released on LIBERATION , April 2011. Front cover, Tony Mahony.
1 rock'n'roll is where I hide 7:20
2 night of the wolverine 4 7:18
3 feelin' kinda sporty 3:19
4 I'm not afraid to be heavy 3:53
5 man on the make 4:07
6 apollo 69 4:44
7 birds 'n' goats 3:58
8 I'm gonna release your soul 3:34
9 the sheriff of hell 4:38
10 three dead passengers in a stolen secondhand ford 3:42
11 pianola roll 3:12
12 the stars,baby 3:42
13 we don't belong to anybody 4:26
New cd on LIBERATION-Available here via PAYPAL.
$25 plus postage.
art TONY MAHONY
Every band that has ever made a record and has then gone out to
do dates supporting it has found themselves thinking, after having played
the songs even a few dozen times, “Damn! I wish we could
put this stuff down on tape now!”.
Some music is delicate, and needs to be recorded that way, with not too
many people grabbing it and putting their mark on it. That kind of music
needs to be close to the spark of inspiration and the joy of initial
discovery. Even that kind of music heads off into unknown waters after
a while if you play it live. Turns out , it doesn’t get squished
and distorted into unrecognisable shapes so easily. its tough. the frame
and the dimensions can take a bit of a faster tempo or a different
kind of groove.
Playing songs over and over, you get to relax about the arrangements
and the cues and just settle down and perform it. It doesn’t get
to be by rote or anything. It doesn’t get stale, necessarily. It
gets to another kind of place. To use a watery kind of language.
You push the boat out into the river, then you run some rough water-
some rapids. All the while you’re looking out at the dense jungle
growth. Then , after a while you get to a wide part of the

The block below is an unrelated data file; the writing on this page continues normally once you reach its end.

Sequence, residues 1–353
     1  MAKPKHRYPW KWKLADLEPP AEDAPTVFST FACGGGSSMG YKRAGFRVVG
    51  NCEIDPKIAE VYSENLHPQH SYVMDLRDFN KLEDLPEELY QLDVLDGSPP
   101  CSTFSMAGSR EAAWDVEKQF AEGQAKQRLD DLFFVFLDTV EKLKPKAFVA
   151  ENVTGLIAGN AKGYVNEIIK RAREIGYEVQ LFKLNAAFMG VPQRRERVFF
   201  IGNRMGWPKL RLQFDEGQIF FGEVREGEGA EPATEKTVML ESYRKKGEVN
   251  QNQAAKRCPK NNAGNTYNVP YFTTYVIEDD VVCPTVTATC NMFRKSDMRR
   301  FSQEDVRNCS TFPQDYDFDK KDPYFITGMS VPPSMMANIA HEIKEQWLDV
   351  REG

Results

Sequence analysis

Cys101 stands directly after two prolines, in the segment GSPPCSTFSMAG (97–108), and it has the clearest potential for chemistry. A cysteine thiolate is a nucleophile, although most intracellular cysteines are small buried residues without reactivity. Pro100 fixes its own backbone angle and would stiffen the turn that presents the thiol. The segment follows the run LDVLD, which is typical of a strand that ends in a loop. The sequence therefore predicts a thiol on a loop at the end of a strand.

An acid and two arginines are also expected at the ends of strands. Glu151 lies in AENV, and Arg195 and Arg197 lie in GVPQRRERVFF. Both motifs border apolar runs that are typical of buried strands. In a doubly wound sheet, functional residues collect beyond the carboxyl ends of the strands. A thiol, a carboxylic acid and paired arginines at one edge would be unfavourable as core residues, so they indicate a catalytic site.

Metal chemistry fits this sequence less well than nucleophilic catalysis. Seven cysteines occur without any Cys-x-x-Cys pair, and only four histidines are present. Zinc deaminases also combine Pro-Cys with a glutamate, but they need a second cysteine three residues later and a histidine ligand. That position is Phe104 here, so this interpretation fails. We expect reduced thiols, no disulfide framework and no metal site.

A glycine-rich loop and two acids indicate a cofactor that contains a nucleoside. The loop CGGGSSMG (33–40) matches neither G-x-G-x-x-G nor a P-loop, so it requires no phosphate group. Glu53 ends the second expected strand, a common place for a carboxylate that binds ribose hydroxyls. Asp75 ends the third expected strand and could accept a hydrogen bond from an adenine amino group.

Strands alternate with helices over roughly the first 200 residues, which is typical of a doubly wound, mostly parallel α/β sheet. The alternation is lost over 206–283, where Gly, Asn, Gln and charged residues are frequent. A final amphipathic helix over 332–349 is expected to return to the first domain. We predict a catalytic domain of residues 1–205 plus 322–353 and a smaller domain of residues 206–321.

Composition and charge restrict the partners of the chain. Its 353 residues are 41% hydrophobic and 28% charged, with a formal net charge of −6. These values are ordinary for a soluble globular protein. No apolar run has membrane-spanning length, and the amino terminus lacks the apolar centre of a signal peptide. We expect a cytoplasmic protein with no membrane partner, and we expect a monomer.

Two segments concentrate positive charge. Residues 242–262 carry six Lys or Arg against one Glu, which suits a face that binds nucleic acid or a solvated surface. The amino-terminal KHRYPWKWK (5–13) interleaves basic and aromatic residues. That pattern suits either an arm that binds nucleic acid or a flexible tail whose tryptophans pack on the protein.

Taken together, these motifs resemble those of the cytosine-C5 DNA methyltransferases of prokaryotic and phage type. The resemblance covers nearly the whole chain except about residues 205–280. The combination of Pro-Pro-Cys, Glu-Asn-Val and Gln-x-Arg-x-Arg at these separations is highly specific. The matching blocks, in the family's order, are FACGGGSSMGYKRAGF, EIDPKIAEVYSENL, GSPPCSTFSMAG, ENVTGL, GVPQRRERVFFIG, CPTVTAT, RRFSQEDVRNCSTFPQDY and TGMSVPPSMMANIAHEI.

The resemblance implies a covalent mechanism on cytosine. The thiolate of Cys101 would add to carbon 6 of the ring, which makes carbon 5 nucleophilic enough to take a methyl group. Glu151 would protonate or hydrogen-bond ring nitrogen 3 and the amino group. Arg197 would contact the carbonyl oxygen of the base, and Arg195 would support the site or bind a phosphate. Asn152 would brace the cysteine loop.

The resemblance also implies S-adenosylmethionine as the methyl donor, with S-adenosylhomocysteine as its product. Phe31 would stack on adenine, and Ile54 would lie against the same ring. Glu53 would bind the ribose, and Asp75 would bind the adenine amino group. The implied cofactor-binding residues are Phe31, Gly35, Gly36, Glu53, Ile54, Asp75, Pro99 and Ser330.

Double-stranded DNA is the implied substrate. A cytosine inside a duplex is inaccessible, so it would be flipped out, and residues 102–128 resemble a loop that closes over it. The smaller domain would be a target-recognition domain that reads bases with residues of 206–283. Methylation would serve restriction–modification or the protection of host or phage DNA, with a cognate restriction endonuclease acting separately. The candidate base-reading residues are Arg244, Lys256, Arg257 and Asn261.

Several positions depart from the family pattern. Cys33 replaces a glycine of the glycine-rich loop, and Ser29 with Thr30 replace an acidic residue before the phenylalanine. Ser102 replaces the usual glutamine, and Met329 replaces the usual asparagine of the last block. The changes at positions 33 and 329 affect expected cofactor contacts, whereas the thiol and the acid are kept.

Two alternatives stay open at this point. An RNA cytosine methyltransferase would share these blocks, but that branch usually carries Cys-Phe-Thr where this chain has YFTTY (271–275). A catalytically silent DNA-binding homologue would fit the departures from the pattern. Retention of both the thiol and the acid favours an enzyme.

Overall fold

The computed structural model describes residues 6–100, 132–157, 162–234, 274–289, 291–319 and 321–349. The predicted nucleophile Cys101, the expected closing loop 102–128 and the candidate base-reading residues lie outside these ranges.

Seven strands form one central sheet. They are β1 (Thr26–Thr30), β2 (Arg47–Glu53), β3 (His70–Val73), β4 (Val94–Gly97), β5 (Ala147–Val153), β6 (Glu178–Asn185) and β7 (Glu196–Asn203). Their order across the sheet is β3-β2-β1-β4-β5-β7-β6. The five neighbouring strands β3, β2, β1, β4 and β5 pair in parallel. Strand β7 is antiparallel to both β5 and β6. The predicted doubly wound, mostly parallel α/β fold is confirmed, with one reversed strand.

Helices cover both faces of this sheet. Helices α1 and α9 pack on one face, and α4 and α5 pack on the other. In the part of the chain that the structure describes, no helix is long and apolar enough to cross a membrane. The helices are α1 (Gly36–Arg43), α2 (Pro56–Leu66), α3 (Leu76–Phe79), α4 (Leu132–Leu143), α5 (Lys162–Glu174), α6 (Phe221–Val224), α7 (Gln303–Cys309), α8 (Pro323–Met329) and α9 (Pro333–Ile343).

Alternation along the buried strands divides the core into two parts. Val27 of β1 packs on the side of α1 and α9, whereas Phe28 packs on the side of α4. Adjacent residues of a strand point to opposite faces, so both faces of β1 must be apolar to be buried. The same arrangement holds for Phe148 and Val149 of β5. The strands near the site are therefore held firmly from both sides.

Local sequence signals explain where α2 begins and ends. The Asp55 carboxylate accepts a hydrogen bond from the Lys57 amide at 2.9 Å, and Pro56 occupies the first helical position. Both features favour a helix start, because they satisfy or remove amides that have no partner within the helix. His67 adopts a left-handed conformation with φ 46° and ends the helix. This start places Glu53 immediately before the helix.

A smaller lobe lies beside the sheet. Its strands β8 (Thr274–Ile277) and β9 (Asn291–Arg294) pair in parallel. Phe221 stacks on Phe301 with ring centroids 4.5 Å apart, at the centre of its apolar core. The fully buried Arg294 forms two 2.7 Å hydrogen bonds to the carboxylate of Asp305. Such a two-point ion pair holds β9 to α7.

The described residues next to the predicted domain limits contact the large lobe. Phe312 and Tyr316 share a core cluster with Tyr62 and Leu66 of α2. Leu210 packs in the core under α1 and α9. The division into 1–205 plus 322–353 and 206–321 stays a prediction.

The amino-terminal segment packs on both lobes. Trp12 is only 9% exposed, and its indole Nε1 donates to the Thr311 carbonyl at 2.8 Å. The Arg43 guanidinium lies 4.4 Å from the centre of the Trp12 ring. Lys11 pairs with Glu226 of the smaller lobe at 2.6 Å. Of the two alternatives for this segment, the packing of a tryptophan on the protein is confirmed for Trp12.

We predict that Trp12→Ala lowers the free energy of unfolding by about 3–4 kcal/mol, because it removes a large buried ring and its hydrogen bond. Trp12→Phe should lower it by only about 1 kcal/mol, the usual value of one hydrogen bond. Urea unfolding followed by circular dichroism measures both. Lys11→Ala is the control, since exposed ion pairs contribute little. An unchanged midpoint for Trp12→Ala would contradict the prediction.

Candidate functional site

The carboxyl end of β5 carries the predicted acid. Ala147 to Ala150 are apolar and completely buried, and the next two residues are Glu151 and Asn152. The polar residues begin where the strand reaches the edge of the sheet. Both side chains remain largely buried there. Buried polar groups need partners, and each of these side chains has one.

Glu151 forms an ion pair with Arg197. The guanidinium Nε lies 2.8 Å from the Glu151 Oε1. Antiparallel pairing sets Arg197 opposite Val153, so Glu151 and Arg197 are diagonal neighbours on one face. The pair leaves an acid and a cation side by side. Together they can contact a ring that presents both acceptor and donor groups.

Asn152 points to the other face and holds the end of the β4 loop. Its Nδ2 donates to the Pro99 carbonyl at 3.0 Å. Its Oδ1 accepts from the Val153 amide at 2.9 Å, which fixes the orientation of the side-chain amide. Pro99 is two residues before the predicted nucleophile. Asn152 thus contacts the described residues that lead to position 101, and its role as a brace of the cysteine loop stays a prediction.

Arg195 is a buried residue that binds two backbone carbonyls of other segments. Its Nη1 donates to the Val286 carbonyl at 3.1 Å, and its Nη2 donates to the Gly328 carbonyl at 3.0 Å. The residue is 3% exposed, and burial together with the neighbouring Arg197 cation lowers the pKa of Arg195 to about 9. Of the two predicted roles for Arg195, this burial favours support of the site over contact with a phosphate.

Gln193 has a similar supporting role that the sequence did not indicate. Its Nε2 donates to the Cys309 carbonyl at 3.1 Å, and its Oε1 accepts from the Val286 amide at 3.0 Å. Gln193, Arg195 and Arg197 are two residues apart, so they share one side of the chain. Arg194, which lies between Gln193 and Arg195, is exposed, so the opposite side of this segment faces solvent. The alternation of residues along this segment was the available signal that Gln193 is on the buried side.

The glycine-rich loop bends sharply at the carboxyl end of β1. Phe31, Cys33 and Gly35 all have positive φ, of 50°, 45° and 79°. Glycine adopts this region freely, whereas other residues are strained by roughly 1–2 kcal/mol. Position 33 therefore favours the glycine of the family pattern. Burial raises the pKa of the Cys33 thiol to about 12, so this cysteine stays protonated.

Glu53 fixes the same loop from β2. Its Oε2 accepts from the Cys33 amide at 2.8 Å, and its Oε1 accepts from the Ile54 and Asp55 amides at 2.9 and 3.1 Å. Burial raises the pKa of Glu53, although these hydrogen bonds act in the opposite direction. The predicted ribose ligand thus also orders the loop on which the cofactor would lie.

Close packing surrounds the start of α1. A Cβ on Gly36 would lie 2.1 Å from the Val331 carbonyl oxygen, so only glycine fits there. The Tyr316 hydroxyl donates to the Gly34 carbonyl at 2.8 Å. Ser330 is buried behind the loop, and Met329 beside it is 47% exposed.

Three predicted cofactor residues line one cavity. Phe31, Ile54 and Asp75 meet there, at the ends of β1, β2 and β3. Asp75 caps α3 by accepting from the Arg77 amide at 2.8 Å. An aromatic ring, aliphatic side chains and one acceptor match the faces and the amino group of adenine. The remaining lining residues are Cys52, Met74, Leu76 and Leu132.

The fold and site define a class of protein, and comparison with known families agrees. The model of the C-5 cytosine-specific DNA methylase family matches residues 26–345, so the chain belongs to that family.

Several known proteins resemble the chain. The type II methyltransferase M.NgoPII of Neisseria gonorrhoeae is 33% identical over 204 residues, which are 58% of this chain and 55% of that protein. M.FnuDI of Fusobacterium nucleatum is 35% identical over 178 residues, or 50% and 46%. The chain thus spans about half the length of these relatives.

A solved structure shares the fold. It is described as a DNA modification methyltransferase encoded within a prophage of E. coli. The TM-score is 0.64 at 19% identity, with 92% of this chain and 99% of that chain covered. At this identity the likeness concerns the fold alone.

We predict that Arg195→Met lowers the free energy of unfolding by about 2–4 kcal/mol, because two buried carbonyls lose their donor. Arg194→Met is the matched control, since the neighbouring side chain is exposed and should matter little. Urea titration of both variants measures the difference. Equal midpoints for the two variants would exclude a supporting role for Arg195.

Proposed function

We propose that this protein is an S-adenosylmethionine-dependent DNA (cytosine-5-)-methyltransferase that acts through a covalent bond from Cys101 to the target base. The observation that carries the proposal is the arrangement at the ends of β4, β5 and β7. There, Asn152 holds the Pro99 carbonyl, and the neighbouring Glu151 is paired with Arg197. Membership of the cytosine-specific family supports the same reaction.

river that the banks can’t even be seen anymore and the water is
all deep and still. You don’t have to tense up so much. Its working
its way all by itself.
Thats a way of thinking how a song might change over time.
The songs on this record are songs that we’ve been playing , on
and off, for a very long time. Sometimes, we went for a decade
without touching them. By ‘we”, I mean myself and Clare Moore
who are the only ones to play on any of the original recordings. Stu
Thomas has played bass with us since 2004. Stuart Perera has played guitar
with us since 1998 , when he joined us as a teenager. Stuart is the player
who has been with us the longest- ever.
They mostly learned the songs at rehearsal from me going over the arrangements
on a guitar. For some, we might have listened to the original recordings.
Mostly, we wanted to play them a bit differently and sometimes
they just grew to be different.
Pic Tony Mahony
Dave Graney, vocals, 6 and 12 string electric guitar
Clare Moore, drums, perdussion,vocals
Stu Perera, electric guitar,vocals
Stuart Thomas,Bass and Burns Baritone guitar,vocals.
mastered by Ross Cockle at Sing Sing
Cover illustration by Tony Mahony.
Recorded early 2011
Engineer for most sessions Andrew "Idge" Hehir.
Mixed in NYC by Victor Van VugtClare Moore
Produced by Dave Graney and Clare Moore.
“rock’n’roll is where I hide” is
a track that freaked me for years. i wrote it real quickly and we recorded
it the same way. It really connected with people and we have almost always
played it. I tried so many different arrangements and feels. trying to
control it. When I’ve done acoustic gigs , people have wanted to
hear it, but you need the firepower and the dynamics. its a song
about a rock singer after all. The version here is full of fire.
The vocal on the original version was not so animated. I was punchy then.
Out on my feet. This time its for real.
Night of the wolverine 4” has a light groove. I just wanted
to play all my songs with a beat as I got older and this song turned out
“ Feelin’ kinda sporty” was a real studio concoction in
its original form. An answer to a demand for a pop hit. We
did our bit to fulfil that brief. Here we just plug in and whomp it.
I’m not afraid to be heavy” is also given a cool groove by
Stu Thomas and Clare Moore. Stuart and I just lay out the chords.
A man on the Make” was on “the Devil
1997. My favourite Coral Snakes period album. We just started playing songs
from this album a few years ago as they seemed to be songs that got
away for Clare and myself.Again, its got the groove. And Stuart Perera
starts out wailing just like whoever did it on Steely Dans “Reelin’ in
the years”. A guitar solo to wind the song up.
Apollo 69” comes from 1995’s “soft’n’sexy
sound”. It always had its own weirdness and we kept a real
loose arrangement for years and I’d just spring it on the band every
now and again. Because I start the tune. The lyric always thrills me. Hefner,Castro.Watts